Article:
Back Again

Yesterday we had an excellent kingfisher sighting, watching it catch, kill and swallow a fish. The lack of foliage reduces its cover and allows us to see clearly where it lands. We had not been on the go long this morning when Shane shouted “kingfisher!” It stayed on the overhanging branch, until we were almost at it and then would fly forward and often through an up coming bridge, then we would see it again at the other side of the bridge and it would also cross over to the other side and landed on the tiller of a moored boat.


Tiller bird

We were delighted with it and the photos are not a patch on what we could actually see. The only hitch with trying to get pictures is our gloveless hands got cold. It was mainly dry but when a tiny sprinkle came I was sure it was snow, but melting on my coat, no surprise with a north wind, but it stopped as soon as it stated. There were at times big contrasts of blue skies on one side and black skies on the other.

The kingfisher isn’t the only bird to delight us of course. I was chuffed yesterday to see a nuthatch for the first time, flying over Bartimaeus, in front of us,  and today we saw jays and a buzzard flying across the canal too.


We are backtracking along a piece of canal that we have done before. Mostly it is wide but in some cuttings it was very narrow. We recalled the area with landslides and that was still evident. The rocks here were very red but covered in plants most of the time, unless there has been a recent fall. I was aware while driving that recent heavy rain may have made even more earth slip in.

Driving in narrow steep sided cutting

We have had difficulty mooring here before, so ended up choosing the same spot for lunch as we had before, at the top of the locks. I remembered using the refuse facilities here before. There was evidence that there had been a substantial effort to clear the canal too, mainly of sticks.


Sticks pulled out of the canal

As we go along, we sometimes gather quite a lot of sticks and leaves on the front of the boat and it does affect streamlining and steering a bit.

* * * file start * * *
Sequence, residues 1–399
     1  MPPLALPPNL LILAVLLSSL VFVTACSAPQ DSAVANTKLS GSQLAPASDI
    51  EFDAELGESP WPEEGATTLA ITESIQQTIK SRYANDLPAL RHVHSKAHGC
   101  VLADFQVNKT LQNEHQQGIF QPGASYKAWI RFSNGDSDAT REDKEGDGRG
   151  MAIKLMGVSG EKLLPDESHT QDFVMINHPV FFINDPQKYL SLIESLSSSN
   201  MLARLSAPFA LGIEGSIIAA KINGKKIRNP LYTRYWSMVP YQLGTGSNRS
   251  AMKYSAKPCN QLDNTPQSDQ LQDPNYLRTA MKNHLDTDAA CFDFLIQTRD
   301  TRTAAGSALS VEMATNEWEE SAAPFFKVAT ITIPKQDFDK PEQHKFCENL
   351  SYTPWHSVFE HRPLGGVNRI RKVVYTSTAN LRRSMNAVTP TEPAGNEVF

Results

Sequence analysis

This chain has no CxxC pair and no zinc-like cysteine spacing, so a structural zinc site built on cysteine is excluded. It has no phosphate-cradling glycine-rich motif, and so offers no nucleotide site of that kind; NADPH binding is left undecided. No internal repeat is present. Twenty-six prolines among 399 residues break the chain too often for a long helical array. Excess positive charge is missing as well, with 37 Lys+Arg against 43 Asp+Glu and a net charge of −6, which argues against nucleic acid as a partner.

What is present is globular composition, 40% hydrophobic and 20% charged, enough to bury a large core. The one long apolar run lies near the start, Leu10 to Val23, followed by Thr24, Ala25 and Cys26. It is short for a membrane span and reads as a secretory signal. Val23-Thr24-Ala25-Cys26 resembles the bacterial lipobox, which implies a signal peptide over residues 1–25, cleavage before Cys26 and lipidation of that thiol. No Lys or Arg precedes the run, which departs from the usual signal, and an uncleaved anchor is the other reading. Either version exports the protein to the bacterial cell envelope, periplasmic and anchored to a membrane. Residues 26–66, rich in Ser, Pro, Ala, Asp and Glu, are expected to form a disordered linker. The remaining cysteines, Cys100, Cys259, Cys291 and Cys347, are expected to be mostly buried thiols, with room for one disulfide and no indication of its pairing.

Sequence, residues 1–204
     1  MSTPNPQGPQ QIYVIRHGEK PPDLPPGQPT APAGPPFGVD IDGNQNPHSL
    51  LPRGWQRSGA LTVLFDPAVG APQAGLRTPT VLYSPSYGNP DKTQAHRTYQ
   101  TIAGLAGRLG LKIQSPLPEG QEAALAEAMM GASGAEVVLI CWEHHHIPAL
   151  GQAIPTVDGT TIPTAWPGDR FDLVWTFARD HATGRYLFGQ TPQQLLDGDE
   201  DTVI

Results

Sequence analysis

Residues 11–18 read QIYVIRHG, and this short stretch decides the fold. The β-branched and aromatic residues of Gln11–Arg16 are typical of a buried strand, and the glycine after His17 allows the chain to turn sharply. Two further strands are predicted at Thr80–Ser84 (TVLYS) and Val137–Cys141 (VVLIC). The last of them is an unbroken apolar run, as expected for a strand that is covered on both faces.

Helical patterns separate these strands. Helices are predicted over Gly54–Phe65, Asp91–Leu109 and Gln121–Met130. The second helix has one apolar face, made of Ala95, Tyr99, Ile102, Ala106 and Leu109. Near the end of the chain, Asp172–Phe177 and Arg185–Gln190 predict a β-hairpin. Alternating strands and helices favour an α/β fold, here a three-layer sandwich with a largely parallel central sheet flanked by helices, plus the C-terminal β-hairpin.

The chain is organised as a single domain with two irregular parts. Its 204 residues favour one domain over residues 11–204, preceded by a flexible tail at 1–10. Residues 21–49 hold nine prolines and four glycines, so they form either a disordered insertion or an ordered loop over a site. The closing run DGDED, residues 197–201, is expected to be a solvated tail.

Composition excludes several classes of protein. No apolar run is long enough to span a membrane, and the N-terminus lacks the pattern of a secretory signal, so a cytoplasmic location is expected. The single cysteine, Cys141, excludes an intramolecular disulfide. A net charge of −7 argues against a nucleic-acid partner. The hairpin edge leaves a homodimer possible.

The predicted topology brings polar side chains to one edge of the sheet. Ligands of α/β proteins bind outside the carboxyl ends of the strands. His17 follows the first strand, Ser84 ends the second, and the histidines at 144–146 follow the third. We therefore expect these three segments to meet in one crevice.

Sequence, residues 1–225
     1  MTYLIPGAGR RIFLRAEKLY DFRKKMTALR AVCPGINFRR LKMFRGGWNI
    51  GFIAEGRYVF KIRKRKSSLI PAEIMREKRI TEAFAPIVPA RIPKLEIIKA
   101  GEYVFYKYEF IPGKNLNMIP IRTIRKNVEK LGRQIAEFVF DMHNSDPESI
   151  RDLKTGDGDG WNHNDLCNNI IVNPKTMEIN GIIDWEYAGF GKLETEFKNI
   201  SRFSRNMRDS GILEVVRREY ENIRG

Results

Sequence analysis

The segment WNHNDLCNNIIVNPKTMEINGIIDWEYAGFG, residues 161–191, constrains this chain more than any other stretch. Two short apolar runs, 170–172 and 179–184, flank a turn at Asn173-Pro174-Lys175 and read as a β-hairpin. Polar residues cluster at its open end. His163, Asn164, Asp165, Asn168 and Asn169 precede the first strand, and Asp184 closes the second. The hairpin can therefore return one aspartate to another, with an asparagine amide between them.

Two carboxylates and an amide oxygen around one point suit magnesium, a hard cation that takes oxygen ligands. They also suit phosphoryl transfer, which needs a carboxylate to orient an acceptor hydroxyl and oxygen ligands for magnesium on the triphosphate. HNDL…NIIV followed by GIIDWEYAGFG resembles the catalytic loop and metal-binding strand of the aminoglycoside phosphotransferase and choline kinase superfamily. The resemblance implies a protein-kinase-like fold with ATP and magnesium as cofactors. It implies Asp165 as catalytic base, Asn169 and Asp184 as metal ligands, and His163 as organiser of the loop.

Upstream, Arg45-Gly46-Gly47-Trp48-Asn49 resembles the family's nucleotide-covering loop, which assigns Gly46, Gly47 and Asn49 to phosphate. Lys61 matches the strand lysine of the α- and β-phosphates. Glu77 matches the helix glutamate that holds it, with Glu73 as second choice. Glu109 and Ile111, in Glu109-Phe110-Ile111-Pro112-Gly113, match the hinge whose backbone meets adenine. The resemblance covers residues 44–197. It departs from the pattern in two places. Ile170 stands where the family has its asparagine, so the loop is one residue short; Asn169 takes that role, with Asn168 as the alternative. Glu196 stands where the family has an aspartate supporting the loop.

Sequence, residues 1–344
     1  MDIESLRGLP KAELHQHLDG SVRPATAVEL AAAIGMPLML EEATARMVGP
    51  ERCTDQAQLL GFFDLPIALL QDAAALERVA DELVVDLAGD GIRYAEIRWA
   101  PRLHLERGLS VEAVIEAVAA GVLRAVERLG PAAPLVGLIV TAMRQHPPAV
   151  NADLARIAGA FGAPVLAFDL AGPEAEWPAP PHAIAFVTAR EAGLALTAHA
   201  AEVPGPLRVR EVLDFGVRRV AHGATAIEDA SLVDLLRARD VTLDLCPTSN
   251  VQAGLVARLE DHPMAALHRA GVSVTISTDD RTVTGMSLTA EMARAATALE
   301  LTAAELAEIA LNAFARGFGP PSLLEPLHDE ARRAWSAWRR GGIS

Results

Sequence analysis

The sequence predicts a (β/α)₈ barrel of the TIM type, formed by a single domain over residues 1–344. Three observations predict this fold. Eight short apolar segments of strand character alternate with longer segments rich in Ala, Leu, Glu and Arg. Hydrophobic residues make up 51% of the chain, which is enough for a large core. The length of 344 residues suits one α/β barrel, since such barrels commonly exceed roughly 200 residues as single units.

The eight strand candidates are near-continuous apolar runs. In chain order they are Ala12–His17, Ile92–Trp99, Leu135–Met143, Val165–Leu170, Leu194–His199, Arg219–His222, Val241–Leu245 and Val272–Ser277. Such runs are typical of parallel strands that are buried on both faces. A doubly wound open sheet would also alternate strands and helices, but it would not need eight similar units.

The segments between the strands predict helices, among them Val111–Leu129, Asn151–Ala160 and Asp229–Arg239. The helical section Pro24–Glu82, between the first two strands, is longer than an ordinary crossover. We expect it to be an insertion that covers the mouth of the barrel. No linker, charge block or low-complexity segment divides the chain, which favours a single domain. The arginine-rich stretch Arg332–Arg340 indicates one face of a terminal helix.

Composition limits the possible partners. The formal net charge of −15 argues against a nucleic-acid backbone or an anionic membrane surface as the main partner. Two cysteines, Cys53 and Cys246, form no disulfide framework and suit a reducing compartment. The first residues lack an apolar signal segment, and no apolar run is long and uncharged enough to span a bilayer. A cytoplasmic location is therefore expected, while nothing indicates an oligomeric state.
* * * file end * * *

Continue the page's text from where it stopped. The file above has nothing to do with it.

Shane was working the locks. On the first one, he opened one gate and crossed over to open the other, by which time the first gate had swung closed and he had to go back across and open it and hold it open. He thought it might be sticks stuck behind the gate. Another couple out walking their dog stopped to help us at the next. The woman was chatting to me while her husband was crossing over and taking the other gate. Shane ran ahead to the next lock but , again, the gate on the left started to close so I couldn’t drive out. The woman re opened it and they closed up for me. They said they regularly help people with a lock while they are out. 

Especially after the heavy rain we have had, the outflows beside the lock are very strong and I was steering hard to avoid being swept sideways on the way out. Shane had heard the last one was notoriously fierce, and was warning me about it, but it had had some work done to direct the flow along the canal, rather than across it, so it turned out the easiest.

You never know what you will come across and I recalled this funny statue in the water that I was unable to get a picture of in the other direction, but this time I saw it in advance and asked Shane to take one.


What and why?

We moored up at Market Drayton. We went into town to get basic shopping and also to post cards. The last postbox I used was worryingly “packed to the gunwhales” as they say and I had to slide my post in on top of other post that was protruding from the box. Here the box was far from full but had been seasonally yarnbombed. 

Market Drayton post box in December

On the way in to town we had met a man who was striding along purposefully. He had smiled and cheerily remarked on it being a lovely day looking one way, and not in the other. As we walked back to the canal we passed him again in exactly the same place and he was striding the other way. His face lit up as he said “you couldn’t have planned that if you tried!” It is always upifting to have these exchanges with strangers.

By this time it had got dark which meant that back at the mooring, we were greeted by an impressive light display that seemed to be by one household. The photos, like those of the kingfisher do not do them justice as they were flashing different colours and there were more than could be fitted into one picture.

Christmas lights